Dang boss, you got a way with words! That's a pretty good summation.
    But I don't think he really expects to affect the market as much as this was just what some of us do on here so well, he was just having a bit of a RANT!
    Daddy, what's an enabler?
    Son that's somebody with nothing to do with his time but keep me in trouble with mom.
  • breamfisherbreamfisher Senior Member Posts: 12,602 Senior Member
    Six-Gun wrote: »
    I'll open by stating I generally do enjoy David Petzal and his plain, curmudgeonly style in F&S. Hell, I am in the midst of a 3-year subscription to their magazine and find myself agreeing with him on quite a few points. I even got a comment published in there last year based on one of pieces.

    As it relates to his gripe about SHOT and the overwhelming AR/tactical theme this year, I spoke with N454Casull during his time and there before this controversy came about. He, too, said that there was a pretty insane overload of that stuff, and both of us agreed that the political climate that Mr. Petzal mentions was the likely driver for this: make it verboten (or at least threatento) and you create a massive market.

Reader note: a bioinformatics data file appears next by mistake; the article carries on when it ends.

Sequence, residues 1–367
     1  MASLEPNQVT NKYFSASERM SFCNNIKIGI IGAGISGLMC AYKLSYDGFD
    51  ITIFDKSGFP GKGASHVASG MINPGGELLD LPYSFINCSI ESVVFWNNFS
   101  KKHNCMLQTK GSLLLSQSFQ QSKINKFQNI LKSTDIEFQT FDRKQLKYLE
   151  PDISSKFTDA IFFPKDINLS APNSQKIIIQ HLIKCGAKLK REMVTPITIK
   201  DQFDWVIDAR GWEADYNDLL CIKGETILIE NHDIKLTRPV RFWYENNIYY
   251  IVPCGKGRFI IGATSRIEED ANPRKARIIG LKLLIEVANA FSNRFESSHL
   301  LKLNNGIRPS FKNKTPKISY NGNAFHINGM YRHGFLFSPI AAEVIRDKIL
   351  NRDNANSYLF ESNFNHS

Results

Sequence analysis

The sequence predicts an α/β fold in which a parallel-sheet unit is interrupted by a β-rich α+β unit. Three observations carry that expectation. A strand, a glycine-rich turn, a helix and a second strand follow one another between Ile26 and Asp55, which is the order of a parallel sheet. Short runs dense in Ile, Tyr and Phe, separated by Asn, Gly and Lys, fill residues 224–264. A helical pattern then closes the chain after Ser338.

I think Mr. Petzal really was not trying to undermine the AR market so much as express his annoyance with the lack of cariety in his traditional literary "marketplace." It really didn't come off like a guy *trying* to make AR sound exclsuively like man-killing weapons of crazy people so much as it sounded like a guy who failed to realize how easily his comments could be exploited by those who care to do just that.
    If that is the case (and it could be) then Petzal wasn't thinking well when he wrote this article, and his editor or whoever allowed him to post the article should be held accountable.

    From Mr. Petzal's article...

    Second paragraph:
    This year, Range Day sounded like the Battle of Dak To, or perhaps Fallujah, with the distinctive pop-pop-pop of full-auto fire, which was extremely popular amongst all the SEAL wannabes. Indeed, this was symbolic of the whole show, which has now become so heavily militarized that you have to look fairly hard for something designed to kill animals instead of people.
    That's some pretty loaded language there....

    Third paragraph: